Around 500 members attended the meetings, with a number of staff who weren’t members joining the union in order to attend and discuss an issue which was deeply felt by everyone.
All members are being given a 0.5% increase. For members at the minimum of their pay range, this becomes 1% as the minimum will be raised by 0.5% before the pay rise takes effect. However, the fact that many members are being denied even the full 1% of the government’s mean-fisted pay cap tells you how tight HMRC are being.
The meetings heard how the value of wages for administrative grades had fallen by around 50% in the past two decades. The equivalent of an extra £8-10,000 a year. Meanwhile, the pay of senior civil servants over the same period was worth 200% more.
At the same time as pay is being squeezed, ideologically driven staff reductions mean members’ jobs have gotten harder and we have been expected to do more. Not only through the slavish obsession with getting things done fast even at the expense of getting the job right, but through the expectation that with the minimal of training staff can switch between entirely different work areas at the drop of a hat.
Debate at the meetings was lively, with considerable discussion over the tactics that could be used to challenge the pay cap.
Members raised the point that they were willing to take action if the union called it, but it had been over a year since they had seen action of any kind. There was a broad consensus that strikes could be effective, but that they had to be more than just token one day affairs. The idea of pulling out specific groups of workers indefinitely had appeal, ranging from suggestions to take out the entire contact centre network to finding smaller but vital and hard to replace sections which do specialist tasks.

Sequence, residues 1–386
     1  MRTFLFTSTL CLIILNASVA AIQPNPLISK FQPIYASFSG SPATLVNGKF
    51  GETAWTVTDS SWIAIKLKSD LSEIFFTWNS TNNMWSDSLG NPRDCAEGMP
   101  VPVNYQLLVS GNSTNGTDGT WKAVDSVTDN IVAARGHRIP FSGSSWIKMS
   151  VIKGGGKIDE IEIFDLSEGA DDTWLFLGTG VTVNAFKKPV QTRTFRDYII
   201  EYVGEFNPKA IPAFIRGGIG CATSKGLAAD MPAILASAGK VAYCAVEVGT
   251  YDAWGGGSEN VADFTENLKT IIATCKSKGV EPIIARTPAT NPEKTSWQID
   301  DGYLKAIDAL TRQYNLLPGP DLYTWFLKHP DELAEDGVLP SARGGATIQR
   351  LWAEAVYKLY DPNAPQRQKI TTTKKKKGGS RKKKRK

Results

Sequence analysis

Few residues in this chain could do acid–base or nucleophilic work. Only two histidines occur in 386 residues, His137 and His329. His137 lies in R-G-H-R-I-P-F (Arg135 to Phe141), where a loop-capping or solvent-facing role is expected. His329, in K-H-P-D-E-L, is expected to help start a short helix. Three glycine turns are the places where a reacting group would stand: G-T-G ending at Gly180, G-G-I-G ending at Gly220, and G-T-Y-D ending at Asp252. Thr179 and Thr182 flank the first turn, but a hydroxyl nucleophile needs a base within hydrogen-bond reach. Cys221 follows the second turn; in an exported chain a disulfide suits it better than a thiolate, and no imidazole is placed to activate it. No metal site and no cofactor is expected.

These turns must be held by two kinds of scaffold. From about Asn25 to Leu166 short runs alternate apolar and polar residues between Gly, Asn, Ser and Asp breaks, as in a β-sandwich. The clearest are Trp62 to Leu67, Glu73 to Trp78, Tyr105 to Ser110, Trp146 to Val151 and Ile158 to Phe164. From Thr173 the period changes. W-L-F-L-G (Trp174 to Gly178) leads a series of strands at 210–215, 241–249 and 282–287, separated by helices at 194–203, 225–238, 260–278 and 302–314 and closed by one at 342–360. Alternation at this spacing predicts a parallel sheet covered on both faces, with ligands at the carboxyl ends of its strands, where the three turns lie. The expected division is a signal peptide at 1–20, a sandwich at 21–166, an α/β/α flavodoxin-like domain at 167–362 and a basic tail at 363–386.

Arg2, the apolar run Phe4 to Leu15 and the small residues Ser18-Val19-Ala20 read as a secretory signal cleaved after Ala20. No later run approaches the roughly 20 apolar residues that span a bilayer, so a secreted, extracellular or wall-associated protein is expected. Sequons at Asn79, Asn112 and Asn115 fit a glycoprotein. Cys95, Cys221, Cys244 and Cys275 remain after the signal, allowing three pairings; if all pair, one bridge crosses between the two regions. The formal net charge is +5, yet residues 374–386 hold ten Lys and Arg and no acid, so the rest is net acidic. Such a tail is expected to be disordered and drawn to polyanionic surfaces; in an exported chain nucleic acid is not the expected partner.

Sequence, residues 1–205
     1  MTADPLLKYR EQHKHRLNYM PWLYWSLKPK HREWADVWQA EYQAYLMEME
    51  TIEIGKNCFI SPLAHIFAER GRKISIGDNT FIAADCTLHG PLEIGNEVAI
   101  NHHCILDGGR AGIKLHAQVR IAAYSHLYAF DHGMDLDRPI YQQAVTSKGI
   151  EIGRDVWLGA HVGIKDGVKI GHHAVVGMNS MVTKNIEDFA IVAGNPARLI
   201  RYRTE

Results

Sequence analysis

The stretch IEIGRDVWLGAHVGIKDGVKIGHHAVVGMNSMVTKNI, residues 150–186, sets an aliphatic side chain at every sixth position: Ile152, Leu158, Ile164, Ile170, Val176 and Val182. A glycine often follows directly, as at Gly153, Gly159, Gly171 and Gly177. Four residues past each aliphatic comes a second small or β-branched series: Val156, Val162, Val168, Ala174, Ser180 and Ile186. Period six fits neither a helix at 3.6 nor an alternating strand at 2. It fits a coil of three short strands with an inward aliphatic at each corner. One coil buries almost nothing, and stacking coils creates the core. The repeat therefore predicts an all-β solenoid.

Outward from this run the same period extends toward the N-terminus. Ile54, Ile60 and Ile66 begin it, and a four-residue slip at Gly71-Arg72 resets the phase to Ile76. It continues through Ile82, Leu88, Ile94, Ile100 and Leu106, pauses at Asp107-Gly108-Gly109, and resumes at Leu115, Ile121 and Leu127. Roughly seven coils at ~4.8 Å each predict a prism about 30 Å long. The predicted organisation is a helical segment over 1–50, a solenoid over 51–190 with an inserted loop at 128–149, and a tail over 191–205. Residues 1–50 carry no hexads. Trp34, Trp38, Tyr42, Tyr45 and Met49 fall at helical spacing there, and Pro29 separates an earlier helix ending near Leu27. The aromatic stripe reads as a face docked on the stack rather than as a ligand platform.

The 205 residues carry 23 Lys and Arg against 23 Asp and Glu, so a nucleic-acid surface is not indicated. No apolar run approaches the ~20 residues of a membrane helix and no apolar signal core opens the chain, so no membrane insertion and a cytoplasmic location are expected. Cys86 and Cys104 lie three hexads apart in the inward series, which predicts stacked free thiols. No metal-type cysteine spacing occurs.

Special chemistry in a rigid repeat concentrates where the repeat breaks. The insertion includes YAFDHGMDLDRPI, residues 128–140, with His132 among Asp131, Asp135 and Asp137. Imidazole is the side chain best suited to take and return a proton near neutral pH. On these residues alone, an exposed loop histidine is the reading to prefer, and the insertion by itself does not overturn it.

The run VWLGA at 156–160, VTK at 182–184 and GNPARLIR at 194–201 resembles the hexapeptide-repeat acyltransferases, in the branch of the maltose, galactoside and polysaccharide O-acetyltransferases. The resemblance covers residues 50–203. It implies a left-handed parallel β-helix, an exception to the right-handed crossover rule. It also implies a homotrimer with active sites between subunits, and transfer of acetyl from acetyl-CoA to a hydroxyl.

Overtime bans were also hotly debated. There was a considerable difference of opinion within and across meetings as to whether there should be the kind of indefinite ban that had been seen in the past. However, there was more enthusiasm for short-term bans targeted at key periods and deadlines where HMRC relies heavily on overtime to get work done.
Also under scrutiny were the union’s national and group executive committees, with the feeling voiced in the majority of meetings that they weren’t doing enough about the situation. There were even suggestions of using the threat of a ‘subs strike’ as a way to give them a kick up the backside. While this was certainly a minority opinion, the idea that the branch and members would need to push for the union leadership to take a more proactive stance was certainly widespread.
Whatever happens next, as always Bootle Taxes will push to ensure that the voice of our members is heard and for our union to act decisively in a sustained fight back, rather than making token gestures as a protest with gaps of months or even years between actions. In any case, we will keep everyone informed as best we can.
Thanks to all who attended the meetings and a warm welcome to those new members of the union.